Add a comment to a selected passage, and it will also state the relevant instrument(s) and bars. HyperControl creates a constant two-way link between hardware and softwarea€”so the keyboard's controls are always in sync with active parameters in Sibelius.
I’ll show you how I use the FPC and set it up to create beats using input from your computer keyboard. To do this press F6 to bring up the step sequencer, right click on a channel and select Insert then FPC. This way I can input beats live while recording then fix whatever needs adjusting in the Piano Roll editor. While not as responsive as a real MIDI controller it is great when laying down ideas and when you don’t have or want to hook up your other MIDI gear. They each have 16 pads laid out just like the FPC in FL Studio and can trigger the exact pad just as you see it on screen when using FPC. C4 to D4 being z to x]instread of getting D4, Fruity Loops plays the next instrument in the sequencer !how do i turn that option off ? I chopped up a sample using Edison and placed the individual portions of the sample on a few pads in the fpc.
Higher settings mean low sensitivity, which enable only strong signals to be detected by the tuner.
The spectrum can be displayed in 2 or 3 dimensions with time as the third dimension (3D Spectrum). This also effects the time for you to repeat the notes, as Tune!It waits for twice the duration of the melody before it repeats or plays the next melody.
Make sure that the microphone or line recording input is enabled and the recording level is at a high setting. The QWERTY design is based on a layout designed by Christopher Latham Sholes in 1874 for the Sholes and Glidden typewriter and sold to Remington in the same year, when it first appeared in typewriters.
If you would like to modify this page, remove a photo or have this entire page removed, please contact us. In case of trademark issues please contact the domain owner directly (contact information can be found in whois). With all this functionality and more, Sibelius empowers you to create incredibly complex scores quickly.
Tempo marks, chord symbols, and many other objects also organize themselves neatly while avoiding collisions.
And if you make revisions to the score latera€”which almost always happensa€”you either have to spend ages making the same revisions in the parts yourself, or extract them all over again. As soon as you start a new score, all the parts are already therea€”and you can look at any of them from a list on the toolbar. Sibelius does the resta€”it makes the cue small, puts it in a suitable voice, transposes it or changes clef as necessary, deletes dynamics and articulations (optional), adds a text label, hides the cue in the score, and stops it playing back. Now Sibelius will do this automaticallya€”simply put an instrument change anywhere in the music, and Sibelius will change the instrument from that point onwardsa€”altering its name, clef, sound, even the transposition and staff type if necessary. So now you can just think about the notes, and forget about page layout until you’re ready to print.
And when you play the score back, you can follow the music on the keyboard or fretboard tooa€”even if it’s written for other instruments.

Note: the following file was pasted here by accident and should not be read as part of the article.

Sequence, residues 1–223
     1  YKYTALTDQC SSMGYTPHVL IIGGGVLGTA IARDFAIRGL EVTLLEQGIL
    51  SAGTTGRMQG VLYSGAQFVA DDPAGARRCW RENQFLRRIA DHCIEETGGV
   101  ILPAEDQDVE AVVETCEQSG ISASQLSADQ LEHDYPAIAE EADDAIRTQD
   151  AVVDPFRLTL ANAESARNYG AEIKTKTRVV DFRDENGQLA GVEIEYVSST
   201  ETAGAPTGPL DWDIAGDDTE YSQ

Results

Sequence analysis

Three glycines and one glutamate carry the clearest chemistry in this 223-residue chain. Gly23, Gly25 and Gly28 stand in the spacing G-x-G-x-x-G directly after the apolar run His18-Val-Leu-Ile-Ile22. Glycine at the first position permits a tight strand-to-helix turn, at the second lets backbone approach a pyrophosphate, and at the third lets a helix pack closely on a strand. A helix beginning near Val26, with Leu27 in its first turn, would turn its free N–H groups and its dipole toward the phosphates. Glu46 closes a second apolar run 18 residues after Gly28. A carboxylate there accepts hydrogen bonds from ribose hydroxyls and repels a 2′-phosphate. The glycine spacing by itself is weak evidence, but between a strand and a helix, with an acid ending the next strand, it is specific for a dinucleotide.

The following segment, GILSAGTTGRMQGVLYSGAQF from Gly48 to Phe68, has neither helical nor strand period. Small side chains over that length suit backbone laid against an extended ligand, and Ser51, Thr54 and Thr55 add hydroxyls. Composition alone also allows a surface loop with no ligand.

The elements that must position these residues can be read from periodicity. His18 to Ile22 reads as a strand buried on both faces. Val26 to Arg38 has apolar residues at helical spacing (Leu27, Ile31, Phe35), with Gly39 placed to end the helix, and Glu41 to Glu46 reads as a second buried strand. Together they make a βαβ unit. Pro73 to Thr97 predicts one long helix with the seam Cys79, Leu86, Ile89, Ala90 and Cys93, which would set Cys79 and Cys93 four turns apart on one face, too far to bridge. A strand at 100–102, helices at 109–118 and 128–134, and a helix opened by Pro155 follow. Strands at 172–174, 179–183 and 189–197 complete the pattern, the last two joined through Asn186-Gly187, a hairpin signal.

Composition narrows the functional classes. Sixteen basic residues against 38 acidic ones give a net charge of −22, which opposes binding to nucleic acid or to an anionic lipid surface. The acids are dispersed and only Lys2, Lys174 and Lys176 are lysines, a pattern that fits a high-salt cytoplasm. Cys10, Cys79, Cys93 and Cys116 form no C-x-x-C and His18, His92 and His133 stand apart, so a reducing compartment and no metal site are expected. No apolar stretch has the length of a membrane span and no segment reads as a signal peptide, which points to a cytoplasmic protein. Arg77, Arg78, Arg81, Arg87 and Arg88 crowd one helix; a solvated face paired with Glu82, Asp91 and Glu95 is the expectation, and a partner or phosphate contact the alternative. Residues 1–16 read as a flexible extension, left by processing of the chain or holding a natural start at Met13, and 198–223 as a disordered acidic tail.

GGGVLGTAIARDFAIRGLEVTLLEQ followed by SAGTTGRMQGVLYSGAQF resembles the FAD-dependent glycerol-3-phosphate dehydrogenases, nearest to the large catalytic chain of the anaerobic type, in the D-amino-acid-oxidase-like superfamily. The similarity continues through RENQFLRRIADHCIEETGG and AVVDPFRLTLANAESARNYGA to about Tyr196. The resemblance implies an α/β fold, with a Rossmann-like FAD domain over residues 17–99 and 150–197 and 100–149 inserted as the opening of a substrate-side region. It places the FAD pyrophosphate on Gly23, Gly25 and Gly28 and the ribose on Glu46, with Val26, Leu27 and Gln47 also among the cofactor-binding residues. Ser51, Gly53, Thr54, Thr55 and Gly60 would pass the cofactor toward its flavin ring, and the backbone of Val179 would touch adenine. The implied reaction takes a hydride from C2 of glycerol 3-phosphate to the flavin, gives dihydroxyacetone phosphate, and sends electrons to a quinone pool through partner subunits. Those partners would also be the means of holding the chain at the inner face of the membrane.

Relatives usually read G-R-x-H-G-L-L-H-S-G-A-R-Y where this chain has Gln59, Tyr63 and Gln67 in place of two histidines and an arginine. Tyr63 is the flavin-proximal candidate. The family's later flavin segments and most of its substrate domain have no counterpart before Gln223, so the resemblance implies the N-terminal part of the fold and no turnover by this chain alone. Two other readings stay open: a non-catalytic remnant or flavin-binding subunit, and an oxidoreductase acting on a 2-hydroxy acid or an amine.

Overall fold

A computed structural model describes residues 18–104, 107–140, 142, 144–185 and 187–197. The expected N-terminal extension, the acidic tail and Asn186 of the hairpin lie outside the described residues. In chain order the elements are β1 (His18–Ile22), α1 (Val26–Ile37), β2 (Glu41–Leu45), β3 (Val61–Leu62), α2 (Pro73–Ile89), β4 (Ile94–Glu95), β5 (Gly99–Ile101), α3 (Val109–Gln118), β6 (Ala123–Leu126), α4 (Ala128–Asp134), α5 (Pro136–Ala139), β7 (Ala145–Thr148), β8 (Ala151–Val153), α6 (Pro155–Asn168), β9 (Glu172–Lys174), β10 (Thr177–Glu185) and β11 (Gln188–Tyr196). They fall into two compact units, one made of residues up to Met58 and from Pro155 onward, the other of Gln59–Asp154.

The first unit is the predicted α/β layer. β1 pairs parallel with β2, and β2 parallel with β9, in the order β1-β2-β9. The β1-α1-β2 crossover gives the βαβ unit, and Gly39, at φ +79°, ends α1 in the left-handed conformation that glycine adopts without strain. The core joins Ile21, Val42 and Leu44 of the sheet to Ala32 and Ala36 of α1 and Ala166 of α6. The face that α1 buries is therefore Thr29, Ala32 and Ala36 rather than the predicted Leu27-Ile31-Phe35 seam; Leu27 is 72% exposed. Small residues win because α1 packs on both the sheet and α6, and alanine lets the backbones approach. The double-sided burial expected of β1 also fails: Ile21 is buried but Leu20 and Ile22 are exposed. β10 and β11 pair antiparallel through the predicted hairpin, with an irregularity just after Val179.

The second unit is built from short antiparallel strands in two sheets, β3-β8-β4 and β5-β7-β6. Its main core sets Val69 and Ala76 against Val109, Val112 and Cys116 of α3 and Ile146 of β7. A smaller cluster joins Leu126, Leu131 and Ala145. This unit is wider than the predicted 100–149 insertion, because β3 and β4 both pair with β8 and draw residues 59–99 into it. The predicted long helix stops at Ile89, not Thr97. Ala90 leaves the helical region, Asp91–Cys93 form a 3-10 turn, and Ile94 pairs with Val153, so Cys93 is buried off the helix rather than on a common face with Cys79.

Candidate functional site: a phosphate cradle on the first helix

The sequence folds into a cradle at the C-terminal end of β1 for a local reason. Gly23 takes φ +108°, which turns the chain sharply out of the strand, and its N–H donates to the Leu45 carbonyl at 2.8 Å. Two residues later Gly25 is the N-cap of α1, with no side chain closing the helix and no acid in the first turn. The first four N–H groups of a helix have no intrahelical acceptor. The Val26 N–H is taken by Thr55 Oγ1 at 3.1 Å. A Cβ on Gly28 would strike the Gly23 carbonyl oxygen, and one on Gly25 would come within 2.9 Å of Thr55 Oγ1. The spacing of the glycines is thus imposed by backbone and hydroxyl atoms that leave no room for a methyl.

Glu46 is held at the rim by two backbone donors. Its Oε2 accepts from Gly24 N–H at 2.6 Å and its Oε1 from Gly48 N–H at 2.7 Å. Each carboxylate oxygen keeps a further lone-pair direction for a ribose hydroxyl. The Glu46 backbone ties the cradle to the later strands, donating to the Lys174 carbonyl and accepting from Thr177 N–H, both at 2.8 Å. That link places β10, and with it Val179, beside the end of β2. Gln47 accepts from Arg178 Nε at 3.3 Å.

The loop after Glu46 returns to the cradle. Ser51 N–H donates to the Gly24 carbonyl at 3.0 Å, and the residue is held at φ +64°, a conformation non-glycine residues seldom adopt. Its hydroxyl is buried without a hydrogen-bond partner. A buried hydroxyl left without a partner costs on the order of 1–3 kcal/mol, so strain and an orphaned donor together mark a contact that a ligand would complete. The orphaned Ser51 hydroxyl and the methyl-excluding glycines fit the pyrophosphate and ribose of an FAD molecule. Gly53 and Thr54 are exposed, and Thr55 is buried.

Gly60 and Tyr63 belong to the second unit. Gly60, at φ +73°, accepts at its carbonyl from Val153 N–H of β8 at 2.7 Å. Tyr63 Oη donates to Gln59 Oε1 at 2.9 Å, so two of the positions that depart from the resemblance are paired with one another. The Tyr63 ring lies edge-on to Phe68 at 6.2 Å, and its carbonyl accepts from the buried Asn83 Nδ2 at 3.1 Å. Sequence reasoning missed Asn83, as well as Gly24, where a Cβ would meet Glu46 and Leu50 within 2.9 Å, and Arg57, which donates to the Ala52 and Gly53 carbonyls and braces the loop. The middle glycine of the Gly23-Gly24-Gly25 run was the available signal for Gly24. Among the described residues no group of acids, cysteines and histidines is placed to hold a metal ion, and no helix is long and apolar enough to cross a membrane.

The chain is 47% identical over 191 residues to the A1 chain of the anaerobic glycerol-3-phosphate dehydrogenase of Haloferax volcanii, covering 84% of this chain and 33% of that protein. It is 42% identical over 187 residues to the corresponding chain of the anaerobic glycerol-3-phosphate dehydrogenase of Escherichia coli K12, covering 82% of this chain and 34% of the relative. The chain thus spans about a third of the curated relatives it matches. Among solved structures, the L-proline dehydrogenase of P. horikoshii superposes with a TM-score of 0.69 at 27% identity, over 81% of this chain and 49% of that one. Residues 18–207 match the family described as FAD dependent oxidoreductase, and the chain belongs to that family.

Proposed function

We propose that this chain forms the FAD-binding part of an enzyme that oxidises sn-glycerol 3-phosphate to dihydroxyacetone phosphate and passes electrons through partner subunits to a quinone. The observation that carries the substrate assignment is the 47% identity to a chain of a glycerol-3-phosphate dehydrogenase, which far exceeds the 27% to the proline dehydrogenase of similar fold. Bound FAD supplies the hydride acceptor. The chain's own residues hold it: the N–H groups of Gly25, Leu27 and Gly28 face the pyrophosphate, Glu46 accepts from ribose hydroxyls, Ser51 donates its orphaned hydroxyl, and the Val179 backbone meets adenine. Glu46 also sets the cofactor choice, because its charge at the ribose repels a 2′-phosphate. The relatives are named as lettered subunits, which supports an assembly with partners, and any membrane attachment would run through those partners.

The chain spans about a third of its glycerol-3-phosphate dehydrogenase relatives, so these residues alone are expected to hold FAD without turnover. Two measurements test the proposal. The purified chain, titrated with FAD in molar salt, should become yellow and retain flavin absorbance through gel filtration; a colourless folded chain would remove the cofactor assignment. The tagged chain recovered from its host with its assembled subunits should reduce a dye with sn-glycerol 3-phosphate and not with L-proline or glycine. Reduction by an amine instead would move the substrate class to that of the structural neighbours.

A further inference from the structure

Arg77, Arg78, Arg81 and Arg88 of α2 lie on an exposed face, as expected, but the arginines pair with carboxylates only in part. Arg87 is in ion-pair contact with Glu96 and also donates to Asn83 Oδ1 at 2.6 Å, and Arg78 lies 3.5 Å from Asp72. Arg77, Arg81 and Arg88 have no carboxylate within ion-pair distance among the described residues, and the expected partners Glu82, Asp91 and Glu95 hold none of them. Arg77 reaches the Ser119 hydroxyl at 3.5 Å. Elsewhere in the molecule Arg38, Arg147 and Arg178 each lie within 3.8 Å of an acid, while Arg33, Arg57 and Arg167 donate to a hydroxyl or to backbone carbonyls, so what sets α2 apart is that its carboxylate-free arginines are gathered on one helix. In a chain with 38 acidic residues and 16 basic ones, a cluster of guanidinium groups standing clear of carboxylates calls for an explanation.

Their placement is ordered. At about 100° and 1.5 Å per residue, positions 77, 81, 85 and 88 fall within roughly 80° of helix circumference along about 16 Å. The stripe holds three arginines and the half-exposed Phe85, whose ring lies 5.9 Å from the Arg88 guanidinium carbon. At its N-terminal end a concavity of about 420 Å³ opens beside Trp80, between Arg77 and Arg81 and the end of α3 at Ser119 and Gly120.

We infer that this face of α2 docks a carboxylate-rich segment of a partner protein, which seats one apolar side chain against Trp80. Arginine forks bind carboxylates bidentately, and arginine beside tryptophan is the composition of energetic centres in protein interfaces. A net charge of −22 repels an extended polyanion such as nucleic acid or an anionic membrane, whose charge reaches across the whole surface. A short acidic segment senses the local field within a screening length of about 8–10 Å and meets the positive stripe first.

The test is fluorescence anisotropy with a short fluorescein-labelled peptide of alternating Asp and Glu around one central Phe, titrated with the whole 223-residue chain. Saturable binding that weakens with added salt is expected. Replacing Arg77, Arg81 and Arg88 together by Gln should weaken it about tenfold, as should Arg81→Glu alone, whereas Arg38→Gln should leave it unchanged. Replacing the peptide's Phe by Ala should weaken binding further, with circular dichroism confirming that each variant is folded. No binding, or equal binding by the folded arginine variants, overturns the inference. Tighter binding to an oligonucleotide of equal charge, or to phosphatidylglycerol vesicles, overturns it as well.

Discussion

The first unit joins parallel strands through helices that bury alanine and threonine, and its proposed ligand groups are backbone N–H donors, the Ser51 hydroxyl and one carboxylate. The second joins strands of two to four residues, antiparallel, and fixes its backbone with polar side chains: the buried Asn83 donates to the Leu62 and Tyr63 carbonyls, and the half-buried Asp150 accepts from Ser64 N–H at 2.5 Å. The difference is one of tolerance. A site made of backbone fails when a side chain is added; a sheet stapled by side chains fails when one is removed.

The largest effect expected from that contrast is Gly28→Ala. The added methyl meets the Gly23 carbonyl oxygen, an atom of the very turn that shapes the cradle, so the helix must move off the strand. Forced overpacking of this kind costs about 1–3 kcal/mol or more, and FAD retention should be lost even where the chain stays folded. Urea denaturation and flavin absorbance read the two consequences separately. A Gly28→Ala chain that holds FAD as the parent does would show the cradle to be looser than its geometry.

Then reuse these ideas later in any score, just like pasting from the clipboard; Sibelius even transposes ideas into the right key and range. Collaboration becomes a joy, and you can even use sticky Comments to leave notes for yourself, or others. Objects that have been added, changed, or deleted are also color-coded in the music, so they're easy to spot. Comments are automatically color-coded by authora€”ideal if you're sharing a score with a student, teacher, arranger, or editora€”and you can also change their appearance. Now it will load up and you might notice that the FPC is based off the old MPC hardware sampler, drum machine.
If you want to load a different sample into a pad click the little folder icon in the lower right of the pad and browse for your sound.
It gives a more human feel to the tracks when you’re actually playing the hits rather than laying everything out in the step sequencer.
The frequency scale also shows the corresponding note scale so that the harmonics can be easily identified. Pages are written, edited, published and hosted by Brampton, Ontario, Canada based educator David Spencer. If you like, you can also change things in partsa€”such as adding cuesa€”without affecting the score. The Ideas window lets you browse and search through all the available ideas by keyword tags, instrument, time signature, key and so on, and even play them back. Composers and arrangers can look back at earlier revisions, or see changes made by orchestrators, publishers, and other collaborators. You can also copy music from them to resurrect an idea you'd discardeda€”or even revert to an old version entirely.
You can even export a Word file that lists all these changes, and graphics of each page with the differences highlighted. It doesn’t really matter what pad on the left side on FPC each sample is on, as the right side with the notes will determine which key will trigger that specific pad.
And of course the Mixer allows you to boost and cut the volume of each pad as well as your usual mixing functions. I like to set mine at least two keys apart on the keyboard as sometimes when they are right next to each other on my laptop keyboard they false trigger each other for some reason. With this I can play my Hi-Hat pattern on the B key and lay out the Kick and Snare hits with Z and C.
I want to keep the sample sounding the same, assuming that time stretching it would change the pitch.